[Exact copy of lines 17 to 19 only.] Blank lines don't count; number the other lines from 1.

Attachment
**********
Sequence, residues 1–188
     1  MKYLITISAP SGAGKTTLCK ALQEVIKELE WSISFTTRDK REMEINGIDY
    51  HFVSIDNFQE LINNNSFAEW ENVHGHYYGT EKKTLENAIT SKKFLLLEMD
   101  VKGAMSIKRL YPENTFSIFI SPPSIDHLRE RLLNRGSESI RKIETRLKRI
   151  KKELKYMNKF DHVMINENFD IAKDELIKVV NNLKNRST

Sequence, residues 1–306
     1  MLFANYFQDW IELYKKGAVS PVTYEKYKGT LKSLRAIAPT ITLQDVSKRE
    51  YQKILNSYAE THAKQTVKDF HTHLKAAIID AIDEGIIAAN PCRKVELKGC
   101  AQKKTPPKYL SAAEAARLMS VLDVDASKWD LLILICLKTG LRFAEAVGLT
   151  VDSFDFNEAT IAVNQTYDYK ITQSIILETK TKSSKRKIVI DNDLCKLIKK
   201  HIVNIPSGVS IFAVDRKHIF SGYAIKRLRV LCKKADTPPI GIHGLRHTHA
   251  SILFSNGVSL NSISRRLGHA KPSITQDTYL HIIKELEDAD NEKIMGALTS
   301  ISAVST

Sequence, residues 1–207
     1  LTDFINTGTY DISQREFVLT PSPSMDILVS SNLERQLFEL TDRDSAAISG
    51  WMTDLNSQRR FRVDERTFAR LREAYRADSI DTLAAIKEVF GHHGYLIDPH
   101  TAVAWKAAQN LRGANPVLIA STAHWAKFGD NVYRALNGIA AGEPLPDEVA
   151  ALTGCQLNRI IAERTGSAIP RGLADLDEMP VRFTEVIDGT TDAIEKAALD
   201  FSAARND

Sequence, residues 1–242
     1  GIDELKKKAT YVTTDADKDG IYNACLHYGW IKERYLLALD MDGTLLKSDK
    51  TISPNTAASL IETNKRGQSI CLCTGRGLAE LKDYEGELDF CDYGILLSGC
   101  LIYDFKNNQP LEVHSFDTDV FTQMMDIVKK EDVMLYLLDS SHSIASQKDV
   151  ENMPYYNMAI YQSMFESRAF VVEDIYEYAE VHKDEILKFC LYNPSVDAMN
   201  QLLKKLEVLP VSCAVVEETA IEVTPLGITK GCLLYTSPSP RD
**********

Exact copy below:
   101  TAVAWKAAQN LRGANPVLIA STAHWAKFGD NVYRALNGIA AGEPLPDEVA
   151  ALTGCQLNRI IAERTGSAIP RGLADLDEMP VRFTEVIDGT TDAIEKAALD
   201  FSAARND